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UBC Theses and Dissertations

The magical world of patriarchy : exploring gender representations and faux feminism in “The sleeping beauty in the wood,” Sleeping beauty, and Maleficent Humiski, Marlo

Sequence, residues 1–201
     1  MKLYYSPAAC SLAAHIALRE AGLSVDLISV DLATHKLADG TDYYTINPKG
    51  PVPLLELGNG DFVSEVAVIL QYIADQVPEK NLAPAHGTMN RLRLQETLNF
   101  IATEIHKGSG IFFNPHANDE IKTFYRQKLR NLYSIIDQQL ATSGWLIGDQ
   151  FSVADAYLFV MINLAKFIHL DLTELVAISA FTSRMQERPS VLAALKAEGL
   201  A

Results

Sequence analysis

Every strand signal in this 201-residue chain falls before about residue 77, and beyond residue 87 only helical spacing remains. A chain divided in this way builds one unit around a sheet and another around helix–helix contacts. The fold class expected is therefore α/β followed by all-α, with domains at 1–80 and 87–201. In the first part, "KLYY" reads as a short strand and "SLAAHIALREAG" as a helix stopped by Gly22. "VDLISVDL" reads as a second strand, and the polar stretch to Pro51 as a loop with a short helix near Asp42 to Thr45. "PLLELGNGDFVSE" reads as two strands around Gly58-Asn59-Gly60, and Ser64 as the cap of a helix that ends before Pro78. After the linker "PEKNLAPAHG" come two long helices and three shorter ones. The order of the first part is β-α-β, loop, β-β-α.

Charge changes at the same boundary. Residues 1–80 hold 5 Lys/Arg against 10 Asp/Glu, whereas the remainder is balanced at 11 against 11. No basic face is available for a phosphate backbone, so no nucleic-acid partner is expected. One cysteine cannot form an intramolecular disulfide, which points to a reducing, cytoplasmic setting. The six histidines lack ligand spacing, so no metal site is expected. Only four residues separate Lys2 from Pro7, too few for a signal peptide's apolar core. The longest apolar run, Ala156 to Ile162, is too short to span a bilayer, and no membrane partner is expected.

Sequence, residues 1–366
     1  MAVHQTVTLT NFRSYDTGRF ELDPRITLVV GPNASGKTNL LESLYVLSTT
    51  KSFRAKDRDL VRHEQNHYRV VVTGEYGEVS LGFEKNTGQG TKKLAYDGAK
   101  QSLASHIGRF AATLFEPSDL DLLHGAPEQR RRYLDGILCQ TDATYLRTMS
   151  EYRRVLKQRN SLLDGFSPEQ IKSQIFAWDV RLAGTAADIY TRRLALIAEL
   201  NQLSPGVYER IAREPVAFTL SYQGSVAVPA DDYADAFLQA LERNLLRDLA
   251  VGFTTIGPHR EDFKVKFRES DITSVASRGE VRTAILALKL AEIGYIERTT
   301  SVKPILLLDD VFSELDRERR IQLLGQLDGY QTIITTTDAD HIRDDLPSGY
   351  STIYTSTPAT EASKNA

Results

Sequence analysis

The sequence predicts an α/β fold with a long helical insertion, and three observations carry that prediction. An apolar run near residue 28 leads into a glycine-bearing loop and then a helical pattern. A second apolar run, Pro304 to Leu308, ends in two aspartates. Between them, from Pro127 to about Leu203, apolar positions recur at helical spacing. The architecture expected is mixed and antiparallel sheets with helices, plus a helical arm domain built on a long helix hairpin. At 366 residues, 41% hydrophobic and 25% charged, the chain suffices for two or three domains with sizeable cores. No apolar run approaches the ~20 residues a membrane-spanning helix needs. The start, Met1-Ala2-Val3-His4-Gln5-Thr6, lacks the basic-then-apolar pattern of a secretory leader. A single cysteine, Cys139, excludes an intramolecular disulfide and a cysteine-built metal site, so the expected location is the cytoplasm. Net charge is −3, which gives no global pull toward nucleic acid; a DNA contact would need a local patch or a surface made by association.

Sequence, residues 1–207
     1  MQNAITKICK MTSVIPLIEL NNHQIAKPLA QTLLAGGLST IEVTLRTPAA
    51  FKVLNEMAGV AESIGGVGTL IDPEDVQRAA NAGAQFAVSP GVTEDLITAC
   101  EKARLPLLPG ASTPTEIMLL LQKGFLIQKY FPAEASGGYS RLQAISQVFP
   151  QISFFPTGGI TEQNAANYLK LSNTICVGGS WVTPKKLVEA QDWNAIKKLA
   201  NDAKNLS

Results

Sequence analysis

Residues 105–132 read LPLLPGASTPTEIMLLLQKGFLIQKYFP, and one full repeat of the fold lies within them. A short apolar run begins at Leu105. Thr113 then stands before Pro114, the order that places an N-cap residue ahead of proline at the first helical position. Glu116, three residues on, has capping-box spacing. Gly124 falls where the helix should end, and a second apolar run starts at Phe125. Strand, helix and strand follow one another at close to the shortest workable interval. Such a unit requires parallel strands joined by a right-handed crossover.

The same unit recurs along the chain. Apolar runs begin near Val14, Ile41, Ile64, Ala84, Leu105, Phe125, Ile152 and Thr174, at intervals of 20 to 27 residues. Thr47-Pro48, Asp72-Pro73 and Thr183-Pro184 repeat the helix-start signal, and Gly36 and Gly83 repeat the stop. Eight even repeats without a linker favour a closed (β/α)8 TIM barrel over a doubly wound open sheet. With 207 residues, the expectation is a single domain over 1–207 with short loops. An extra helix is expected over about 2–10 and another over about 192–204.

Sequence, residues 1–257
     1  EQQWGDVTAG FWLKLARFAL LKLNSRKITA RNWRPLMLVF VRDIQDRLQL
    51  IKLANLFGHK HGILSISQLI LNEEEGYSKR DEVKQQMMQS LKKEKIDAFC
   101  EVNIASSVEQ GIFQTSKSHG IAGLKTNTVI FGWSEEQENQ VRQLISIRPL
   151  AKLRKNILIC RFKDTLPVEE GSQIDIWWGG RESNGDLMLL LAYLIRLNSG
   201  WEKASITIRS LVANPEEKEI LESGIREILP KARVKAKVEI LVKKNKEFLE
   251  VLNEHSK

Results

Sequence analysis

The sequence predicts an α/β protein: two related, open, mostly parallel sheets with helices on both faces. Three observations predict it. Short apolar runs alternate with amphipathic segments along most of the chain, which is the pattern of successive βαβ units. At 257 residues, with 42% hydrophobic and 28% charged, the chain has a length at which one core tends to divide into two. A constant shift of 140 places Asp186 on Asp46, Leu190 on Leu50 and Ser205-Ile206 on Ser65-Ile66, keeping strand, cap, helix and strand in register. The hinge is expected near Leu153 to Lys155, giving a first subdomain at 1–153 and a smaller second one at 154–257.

In recent years, there has been an increase of feminist narratives in contemporary North American popular culture. However, some of these narratives perpetuate traditional gender messages under the pretences of feminism. This study examines faux feminist narratives in children’s films and how they convey patriarchal concepts of gender by analysing the history and trajectory of gender representations from one traditional conservative text to a recent text that purports to be feminist. Through the critical framework of adaptation theory (Hutcheon 2006; Zipes 2013; Blankier 2014), this study analyzes three versions of the fairy tale “Sleeping Beauty” from three different time periods: Charles Perrault’s seventeenth-century tale “The Sleeping Beauty in the Wood,” Disney’s animated film Sleeping Beauty (1959), and Disney’s live-action film Maleficent (2014). The gender roles and gendered social structures in each text are examined to explore which gender representations have changed over time, and which representations have persisted throughout the three “Sleeping Beauty” texts. This study finds that while Maleficent may have feminist revisions, the film duplicates many sexist representations of gender found in the film’s source texts, conveying traditional gender roles and gendered social structures to contemporary audiences under the pretences of feminism.

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